Palm Springs has been one of the most glamorous and fun places to visit in California since it served as an upscale escape for Hollywood stars in the '50s. Rumor has it that Hollywood actors were required to stay within 100 miles of Los Angeles (in case they were needed for publicity or filming), so Palm Springs was built as a desert getaway within those limits. Today, the city still serves as a retreat for the glitzy Los Angeles crowd, plus it's also the epicenter of Coachella, Stagecoach, and a thriving LGBTQI scene. But don't let the aquatic name mislead you -- Palm Springs is very much a desert city within the Coachella Valley. It's an easy place to visit, but there are some rookie mistakes you'll want to avoid. Read on.
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1. Visiting Palm Springs in April
Unless you’re planning on attending Coachella, Stagecoach, or the White Party, planning a visit to Palm Springs in April is easily the biggest mistake a rookie can make. These are three of the biggest events in the area and they’re all held in April. Coachella alone drew over 100,000 visitors in 2018. Hotel rooms book out months in advance, rates soar, and traffic is a nightmare. Don’t expect quiet by the pool or to walk into a restaurant without a reservation in April. Of course, if you’re in Palm Springs to party, it doesn’t get much better than April.
2. Staying in a Generic Hotel in Palm Springs
Palm Springs is home to some of the best examples of mid-century modern architecture in the United States. In the ’60s, Albert Frey, a Swiss-born architect, changed the local landscape with his Desert Modernism architecture and hotels. Stepping inside The Monkey Tree Hotel (one of Frey’s designs) is like going back in time to the glamorous ’60s. The hotel features studied rooflines to maximize mountain views from the pools. Many of the area’s hotels, like Holiday House, are stopping points on architectural tours. It would be a shame to visit Palm Springs and book the same generic contemporary hotel room that you can find everywhere else.
3. Bringing the Kids to Palm Springs
Palm Springs mostly draws active retirees, LGBTQI couples, and hipsters from Los Angeles and beyond. Kids are a pretty rare sight — and they’re not entirely catered to. Not only do temperatures hit the triple digits during the summer months, but many hotels in downtown Palm Springs are adults-only properties. Plus, unless your little ones like early morning golf, desert hiking, and bar hopping, there isn’t much for them to do besides swim in the hotel pool. Most restaurants don’t have kids’ menus and some restaurants offer penis-shaped cakes and confetti for bachelorette parties.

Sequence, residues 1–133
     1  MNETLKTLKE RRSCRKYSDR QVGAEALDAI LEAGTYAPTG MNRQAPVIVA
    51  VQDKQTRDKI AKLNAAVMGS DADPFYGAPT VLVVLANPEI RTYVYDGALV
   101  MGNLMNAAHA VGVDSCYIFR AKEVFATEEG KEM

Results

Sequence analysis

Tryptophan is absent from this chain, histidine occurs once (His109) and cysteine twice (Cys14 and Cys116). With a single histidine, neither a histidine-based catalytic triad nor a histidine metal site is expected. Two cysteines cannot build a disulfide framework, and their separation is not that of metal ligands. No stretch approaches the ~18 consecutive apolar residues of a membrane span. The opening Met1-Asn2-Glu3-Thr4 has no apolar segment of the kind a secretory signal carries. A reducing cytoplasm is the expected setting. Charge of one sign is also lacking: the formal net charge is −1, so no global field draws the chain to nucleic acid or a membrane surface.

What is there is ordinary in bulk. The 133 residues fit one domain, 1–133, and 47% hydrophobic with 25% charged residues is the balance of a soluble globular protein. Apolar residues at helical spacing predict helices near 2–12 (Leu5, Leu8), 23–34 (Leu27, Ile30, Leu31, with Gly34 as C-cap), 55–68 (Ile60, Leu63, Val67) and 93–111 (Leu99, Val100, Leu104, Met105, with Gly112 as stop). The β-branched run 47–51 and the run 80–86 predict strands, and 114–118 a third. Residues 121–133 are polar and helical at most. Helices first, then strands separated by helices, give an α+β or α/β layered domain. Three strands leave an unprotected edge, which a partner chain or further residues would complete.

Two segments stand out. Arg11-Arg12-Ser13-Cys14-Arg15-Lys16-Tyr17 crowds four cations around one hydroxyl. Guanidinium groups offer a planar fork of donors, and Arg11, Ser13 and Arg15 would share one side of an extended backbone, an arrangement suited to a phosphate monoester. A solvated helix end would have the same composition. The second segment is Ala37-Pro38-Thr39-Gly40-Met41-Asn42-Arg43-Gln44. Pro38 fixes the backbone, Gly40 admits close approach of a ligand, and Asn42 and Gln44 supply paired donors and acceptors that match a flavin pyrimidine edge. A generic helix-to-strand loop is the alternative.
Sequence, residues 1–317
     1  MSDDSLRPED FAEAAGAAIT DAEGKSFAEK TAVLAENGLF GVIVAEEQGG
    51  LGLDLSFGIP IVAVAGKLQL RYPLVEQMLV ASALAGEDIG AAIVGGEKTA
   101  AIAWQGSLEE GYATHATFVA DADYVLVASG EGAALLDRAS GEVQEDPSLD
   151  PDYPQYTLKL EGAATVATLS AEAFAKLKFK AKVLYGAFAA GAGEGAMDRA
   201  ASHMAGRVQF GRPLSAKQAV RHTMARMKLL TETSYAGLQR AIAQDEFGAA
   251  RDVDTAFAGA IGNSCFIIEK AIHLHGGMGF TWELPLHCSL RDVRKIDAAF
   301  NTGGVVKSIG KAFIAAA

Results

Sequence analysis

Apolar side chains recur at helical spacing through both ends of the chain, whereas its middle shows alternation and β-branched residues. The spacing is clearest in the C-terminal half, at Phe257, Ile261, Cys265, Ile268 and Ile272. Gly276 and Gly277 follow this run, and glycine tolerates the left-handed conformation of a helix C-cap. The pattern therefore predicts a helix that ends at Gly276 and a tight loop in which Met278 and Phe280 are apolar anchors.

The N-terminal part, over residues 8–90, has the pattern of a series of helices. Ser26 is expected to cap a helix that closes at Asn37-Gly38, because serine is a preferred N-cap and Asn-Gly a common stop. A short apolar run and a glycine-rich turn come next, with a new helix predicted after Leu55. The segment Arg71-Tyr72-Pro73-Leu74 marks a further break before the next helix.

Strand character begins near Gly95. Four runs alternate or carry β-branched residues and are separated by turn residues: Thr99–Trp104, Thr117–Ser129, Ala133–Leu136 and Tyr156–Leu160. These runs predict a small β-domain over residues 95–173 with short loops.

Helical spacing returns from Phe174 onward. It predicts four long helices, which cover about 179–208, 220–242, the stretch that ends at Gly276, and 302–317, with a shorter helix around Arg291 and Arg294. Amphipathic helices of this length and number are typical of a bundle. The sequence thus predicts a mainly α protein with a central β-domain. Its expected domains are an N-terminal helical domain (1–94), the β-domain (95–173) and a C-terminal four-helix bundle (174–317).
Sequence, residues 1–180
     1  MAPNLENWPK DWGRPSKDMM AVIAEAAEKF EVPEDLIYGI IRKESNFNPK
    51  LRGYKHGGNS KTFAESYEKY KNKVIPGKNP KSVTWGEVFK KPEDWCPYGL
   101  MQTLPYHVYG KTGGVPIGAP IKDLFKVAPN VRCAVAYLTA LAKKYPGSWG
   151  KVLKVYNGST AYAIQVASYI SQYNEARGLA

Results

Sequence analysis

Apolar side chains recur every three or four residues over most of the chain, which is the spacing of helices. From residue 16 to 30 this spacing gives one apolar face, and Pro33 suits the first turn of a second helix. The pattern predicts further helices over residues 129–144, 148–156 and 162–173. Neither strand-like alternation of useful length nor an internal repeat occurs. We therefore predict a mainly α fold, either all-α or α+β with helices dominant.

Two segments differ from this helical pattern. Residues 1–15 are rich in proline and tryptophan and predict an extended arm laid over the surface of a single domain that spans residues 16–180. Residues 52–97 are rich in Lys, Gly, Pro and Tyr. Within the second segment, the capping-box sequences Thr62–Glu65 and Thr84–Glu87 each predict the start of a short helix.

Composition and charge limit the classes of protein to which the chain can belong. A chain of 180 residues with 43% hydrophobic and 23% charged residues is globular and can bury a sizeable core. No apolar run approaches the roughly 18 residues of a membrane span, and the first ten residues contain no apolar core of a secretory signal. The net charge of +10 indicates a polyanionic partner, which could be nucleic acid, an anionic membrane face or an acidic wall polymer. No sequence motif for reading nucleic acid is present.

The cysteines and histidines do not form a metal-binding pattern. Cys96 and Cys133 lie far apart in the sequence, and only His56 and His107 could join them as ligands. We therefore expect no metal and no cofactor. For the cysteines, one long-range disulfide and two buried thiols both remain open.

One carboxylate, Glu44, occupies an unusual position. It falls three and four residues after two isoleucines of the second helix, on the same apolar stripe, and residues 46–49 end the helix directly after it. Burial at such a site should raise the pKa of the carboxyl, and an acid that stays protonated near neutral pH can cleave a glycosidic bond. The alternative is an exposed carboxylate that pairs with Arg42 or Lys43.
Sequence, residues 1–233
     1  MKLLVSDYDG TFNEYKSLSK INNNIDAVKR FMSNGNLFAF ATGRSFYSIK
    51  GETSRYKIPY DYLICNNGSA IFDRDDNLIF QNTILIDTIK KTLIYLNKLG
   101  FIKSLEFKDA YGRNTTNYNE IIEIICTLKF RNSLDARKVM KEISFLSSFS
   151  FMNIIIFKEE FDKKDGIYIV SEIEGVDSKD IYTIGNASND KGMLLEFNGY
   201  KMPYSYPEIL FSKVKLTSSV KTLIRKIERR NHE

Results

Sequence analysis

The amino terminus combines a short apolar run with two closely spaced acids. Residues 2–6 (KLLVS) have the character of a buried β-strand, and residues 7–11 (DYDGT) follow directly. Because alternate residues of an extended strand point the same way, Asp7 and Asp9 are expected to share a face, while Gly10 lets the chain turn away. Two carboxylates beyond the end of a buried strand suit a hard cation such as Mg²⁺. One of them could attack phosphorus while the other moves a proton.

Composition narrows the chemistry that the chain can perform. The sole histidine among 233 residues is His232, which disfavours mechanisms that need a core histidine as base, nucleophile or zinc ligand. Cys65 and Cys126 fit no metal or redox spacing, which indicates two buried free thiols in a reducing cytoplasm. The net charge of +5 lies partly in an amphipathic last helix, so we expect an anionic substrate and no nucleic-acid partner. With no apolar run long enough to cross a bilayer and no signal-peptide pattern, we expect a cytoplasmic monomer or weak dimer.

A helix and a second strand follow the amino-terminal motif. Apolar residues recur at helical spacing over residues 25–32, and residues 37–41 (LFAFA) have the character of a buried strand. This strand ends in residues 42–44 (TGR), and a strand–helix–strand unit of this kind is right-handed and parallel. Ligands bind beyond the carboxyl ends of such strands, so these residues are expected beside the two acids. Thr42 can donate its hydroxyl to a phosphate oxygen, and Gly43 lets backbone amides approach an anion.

That being said, there are a few family-friendly exceptions. The Living Desert Zoo and Gardens is a kid favorite. You’ll also find kids in the pools and taking selfies with the flamingos at the JW Marriott Desert Springs Resort & Spa. However, there are many more event-goers and business travelers than little ones.
4. Expecting a Beach Day in Palm Springs
Lots of people hear Southern California and think of beaches. That’s a rookie mistake. Palm Springs is very much in the desert and the closest you’re going to come to the water is a swimming pool or desert hot spring. The nearest Pacific Ocean beaches — Newport Beach, Dana Point, and Carlsbad — are all about a two-hour drive (without traffic) from the Palm Springs area. A better idea is to visit one of the area’s hot springs, such as the almost 24-hour mineral baths with healing properties at Two Bunch Palms Hotel.
5. Driving to Palm Springs From Los Angeles
Los Angeles International Airport is a two-hour drive from Palm Springs — if you don’t encounter any traffic. While this can be achieved at 2 a.m., most of the day is a traffic snarl. Plan on at least three hours, but probably four, to get to and from Palm Springs. Or, avoid the drive altogether and fly into the much smaller and more pleasant Palm Springs International Airport. It partners with JetBlue, United, and American Airlines, and the runways are about a 10-minute drive from downtown Palm Springs.
6. Not Booking Activities in Advance in Palm Springs
Palm Springs has a relatively small population of about 50,000 people, but some estimates show that the greater Palm Springs area sees well over one million visitors per year. That’s a lot of tourists. Expect the most popular activities to book up fast. The Integratron Sound Bath (a relaxing sensory experience) often fills up two or three months in advance. Some people make their camping reservations in Joshua Tree a year in advance. Dinner, drinking, and dancing at Pappy + Harriet’s (way out in Pioneertown) requires at least a week’s notice for a reservation, but much longer in busy months like April or if there’s an especially popular band playing.
7. Only Packing Shorts for Palm Springs
You might think that a visit to the California desert only requires tanks and tees. While it’s true that temps soar into the triple digits in the summer months, things cool down at night. The lows in the winter hover around the high 30s, especially after sunset. So be sure to pack socks, light layers, and a jacket. This is especially important if you plan on hiking or visiting Pioneertown. You’re also going to need more water and sunscreen than you’d normally pack, thanks to the intense sun and arid climate.
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